The Last Thing Joe Lhota Wants Is to Talk About Running for Mayor

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Poor Joe Lhota is becoming a victim of his own success. All the MTA chairman wanted to do in Washington Thursday, he said, was to wrangle $5 billion in federal aid to restore the hit the system took from Hurricane Sandy. But all the reporters there wanted to do was ask him if he was going to run for mayor. And while Lhota tried to change the subject in Washington, his newfound biggest fan Rudy Giuliani was waving the Lhota-for-mayor flag back in New York. The Senate subcommittee hearing at which Lhota touted the MTA's performance during Hurricane Sandy was "sparsely attended," the New York Times reported. Outside, reporters only wanted to talk city politics. Lhota was good-humored about the attention, but it must be frustrating to have your stated mission overshadowed by your unstated political aspirations, especially as success in that mission will help with later success in those aspirations.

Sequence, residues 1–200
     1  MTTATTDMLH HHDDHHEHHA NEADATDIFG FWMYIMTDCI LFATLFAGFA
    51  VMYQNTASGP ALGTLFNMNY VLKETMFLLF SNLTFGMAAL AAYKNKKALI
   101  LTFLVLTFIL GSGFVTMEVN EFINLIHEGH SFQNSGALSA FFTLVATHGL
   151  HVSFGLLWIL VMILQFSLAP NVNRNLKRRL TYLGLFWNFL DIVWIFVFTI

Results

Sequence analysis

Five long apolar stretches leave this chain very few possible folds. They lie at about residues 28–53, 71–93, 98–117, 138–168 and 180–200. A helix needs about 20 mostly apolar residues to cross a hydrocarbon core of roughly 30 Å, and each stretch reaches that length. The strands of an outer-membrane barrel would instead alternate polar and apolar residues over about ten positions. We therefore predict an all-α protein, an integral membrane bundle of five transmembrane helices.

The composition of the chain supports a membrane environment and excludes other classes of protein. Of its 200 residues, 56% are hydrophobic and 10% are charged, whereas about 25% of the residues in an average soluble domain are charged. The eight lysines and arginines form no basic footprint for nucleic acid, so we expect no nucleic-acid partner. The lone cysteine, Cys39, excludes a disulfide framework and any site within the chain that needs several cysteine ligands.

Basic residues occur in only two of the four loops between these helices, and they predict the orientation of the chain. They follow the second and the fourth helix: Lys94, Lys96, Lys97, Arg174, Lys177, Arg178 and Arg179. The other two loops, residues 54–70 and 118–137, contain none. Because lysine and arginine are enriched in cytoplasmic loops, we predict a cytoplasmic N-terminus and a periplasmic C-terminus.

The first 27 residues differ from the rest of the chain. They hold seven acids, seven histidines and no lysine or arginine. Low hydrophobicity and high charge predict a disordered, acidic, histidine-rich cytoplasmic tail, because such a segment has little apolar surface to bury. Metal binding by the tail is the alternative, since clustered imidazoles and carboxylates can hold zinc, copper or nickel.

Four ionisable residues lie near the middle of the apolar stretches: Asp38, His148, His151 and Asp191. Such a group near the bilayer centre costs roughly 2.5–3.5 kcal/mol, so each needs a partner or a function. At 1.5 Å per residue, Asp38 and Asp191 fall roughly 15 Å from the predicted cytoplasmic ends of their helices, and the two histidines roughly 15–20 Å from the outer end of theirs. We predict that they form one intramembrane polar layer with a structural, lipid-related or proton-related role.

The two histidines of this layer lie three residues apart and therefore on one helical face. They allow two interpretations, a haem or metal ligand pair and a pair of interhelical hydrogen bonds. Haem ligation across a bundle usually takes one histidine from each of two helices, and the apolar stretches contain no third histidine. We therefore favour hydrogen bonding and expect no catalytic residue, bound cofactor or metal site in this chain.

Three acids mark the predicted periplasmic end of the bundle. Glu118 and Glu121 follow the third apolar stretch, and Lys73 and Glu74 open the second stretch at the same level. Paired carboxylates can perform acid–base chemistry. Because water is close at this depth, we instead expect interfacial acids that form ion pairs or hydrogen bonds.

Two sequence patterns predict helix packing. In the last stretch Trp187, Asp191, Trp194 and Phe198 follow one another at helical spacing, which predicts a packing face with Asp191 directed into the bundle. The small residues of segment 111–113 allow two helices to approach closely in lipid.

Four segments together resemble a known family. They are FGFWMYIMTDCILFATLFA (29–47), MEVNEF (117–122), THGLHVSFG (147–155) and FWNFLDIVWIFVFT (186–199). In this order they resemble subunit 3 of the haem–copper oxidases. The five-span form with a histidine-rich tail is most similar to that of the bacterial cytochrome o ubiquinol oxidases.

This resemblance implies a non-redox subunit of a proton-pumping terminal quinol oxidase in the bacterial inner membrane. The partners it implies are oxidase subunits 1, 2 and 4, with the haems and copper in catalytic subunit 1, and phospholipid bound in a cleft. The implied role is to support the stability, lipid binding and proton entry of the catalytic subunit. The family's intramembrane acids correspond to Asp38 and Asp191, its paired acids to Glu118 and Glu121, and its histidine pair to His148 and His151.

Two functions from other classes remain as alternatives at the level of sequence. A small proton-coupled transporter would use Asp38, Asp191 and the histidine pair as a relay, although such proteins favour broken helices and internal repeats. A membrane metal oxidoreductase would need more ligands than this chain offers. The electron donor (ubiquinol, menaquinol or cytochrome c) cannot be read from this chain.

"'Why do you guys want to talk about politics in Washington?' he said with more than a hint of irony in his tone," according to the Times. But he didn't deny he would make a run. "The time will come when I make a decision," he said, but he insisted that so far, "I haven't thought about it at all."

Giuliani is sure thinking about it. After his camp made it clear the former mayor was an "enthusiastic supporter" of a potential Lhota mayoral run, Giuliani reiterated that support to CBS New York's Marcia Kramer. "Could this guy be a great mayor? Yeah, absolutely. He’s got all the talents," Giuliani said. "He’d be exactly what New York City needs." But as the Times' Clyde Haberman pointed out, if Lhota does decide to run, he'd better be wary of Giuliani's "kiss of death," as most of the candidates the former mayor has endorsed (except Mayor Michael Bloomberg) wound up washing out. For now, Lhota would very much like to keep the conversation focused on the MTA and how well it weathered the storm under his leadership.